BOOK FOURTEEN: 1812
6. CHAPTER VI
"What a bwute you are!... Well?"
"I went for another one," Tikhon continued, "and I crept like this
through the wood and lay down." (He suddenly lay down on his stomach
with a supple movement to show how he had done it.) "One turned up and
I grabbed him, like this." (He jumped up quickly and lightly.)
"'Come along to the colonel,' I said. He starts yelling, and
suddenly there were four of them. They rushed at me with their
little swords. So I went for them with my ax, this way: 'What are
you up to?' says I. 'Christ be with you!'" shouted Tikhon, waving
his arms with an angry scowl and throwing out his chest.
"Yes, we saw from the hill how you took to your heels through the
puddles!" said the esaul, screwing up his glittering eyes.
Petya badly wanted to laugh, but noticed that they all refrained
from laughing. He turned his eyes rapidly from Tikhon's face to the
esaul's and Denisov's, unable to make out what it all meant.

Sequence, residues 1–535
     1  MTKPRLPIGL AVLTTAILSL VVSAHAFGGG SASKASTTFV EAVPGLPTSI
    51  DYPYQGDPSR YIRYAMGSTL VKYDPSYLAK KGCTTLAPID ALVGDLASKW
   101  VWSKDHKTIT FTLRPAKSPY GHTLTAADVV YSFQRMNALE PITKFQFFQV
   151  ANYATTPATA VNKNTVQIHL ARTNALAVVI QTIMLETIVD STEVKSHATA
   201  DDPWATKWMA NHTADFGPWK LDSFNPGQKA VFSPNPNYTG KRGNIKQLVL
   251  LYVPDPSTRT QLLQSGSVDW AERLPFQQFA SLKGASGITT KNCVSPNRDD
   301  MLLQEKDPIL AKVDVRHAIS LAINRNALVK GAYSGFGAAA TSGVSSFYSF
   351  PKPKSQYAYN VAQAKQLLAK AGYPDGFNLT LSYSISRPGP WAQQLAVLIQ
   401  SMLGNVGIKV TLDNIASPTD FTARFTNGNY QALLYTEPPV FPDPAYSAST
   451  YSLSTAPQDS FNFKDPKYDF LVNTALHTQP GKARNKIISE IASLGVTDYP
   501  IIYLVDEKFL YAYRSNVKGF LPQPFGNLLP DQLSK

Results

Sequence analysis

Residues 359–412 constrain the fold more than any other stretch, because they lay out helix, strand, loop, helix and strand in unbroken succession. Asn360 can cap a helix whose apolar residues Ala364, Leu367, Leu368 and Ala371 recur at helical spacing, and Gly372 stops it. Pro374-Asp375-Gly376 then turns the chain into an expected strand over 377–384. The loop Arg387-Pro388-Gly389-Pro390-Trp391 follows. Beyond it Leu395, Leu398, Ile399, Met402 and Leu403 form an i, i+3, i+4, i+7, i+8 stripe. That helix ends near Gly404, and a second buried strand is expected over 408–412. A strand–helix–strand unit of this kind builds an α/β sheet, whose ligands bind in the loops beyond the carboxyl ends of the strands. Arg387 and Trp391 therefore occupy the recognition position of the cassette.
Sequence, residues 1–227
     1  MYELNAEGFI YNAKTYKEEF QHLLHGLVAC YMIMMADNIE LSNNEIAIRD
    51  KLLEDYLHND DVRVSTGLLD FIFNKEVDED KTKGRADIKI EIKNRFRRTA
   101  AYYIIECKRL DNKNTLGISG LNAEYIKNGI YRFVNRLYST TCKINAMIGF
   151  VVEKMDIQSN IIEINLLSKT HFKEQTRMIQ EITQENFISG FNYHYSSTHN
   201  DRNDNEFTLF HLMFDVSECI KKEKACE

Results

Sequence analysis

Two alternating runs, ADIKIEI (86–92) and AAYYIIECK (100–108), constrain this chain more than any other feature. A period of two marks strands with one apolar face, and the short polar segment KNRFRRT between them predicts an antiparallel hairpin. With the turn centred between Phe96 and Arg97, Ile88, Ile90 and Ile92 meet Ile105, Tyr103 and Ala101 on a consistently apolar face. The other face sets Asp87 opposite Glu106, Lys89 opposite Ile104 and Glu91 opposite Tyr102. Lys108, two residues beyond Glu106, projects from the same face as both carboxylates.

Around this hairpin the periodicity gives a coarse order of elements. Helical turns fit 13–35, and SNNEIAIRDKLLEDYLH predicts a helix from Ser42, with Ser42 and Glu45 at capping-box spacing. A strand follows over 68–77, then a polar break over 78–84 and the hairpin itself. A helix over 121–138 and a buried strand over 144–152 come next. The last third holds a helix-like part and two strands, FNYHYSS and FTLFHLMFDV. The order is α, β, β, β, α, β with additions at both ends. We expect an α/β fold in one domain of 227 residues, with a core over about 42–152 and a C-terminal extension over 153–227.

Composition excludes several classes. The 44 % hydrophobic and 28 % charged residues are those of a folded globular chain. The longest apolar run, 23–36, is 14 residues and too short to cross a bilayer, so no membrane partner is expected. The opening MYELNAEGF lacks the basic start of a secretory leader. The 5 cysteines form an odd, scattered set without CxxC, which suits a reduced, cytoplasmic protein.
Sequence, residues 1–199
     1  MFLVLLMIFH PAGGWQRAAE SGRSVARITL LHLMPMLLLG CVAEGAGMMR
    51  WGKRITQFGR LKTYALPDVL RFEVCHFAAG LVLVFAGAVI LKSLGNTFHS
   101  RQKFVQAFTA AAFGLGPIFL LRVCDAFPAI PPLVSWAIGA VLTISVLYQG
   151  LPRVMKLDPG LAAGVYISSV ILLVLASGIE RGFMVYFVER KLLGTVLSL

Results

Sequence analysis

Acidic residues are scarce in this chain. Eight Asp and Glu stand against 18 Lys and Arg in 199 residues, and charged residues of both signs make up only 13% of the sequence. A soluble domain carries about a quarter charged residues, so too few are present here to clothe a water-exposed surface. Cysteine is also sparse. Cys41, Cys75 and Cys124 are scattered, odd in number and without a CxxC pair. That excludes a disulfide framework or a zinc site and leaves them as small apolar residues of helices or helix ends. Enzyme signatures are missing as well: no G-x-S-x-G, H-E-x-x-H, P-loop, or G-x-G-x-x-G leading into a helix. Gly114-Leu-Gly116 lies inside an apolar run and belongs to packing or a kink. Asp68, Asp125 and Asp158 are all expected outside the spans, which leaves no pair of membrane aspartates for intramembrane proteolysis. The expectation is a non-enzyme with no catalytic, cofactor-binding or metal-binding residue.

"Don't play the fool!" said Denisov, coughing angrily. "Why didn't
you bwing the first one?"
Tikhon scratched his back with one hand and his head with the other,
then suddenly his whole face expanded into a beaming, foolish grin,
disclosing a gap where he had lost a tooth (that was why he was called
Shcherbaty- the gap-toothed). Denisov smiled, and Petya burst into a
peal of merry laughter in which Tikhon himself joined.
"Oh, but he was a regular good-for-nothing," said Tikhon. "The
clothes on him- poor stuff! How could I bring him? And so rude, your
honor! Why, he says: 'I'm a general's son myself, I won't go!' he
"You are a bwute!" said Denisov. "I wanted to question..."
"But I questioned him," said Tikhon. "He said he didn't know much.
'There are a lot of us,' he says, 'but all poor stuff- only soldiers
in name,' he says. 'Shout loud at them,' he says, 'and you'll take
them all,'" Tikhon concluded, looking cheerfully and resolutely into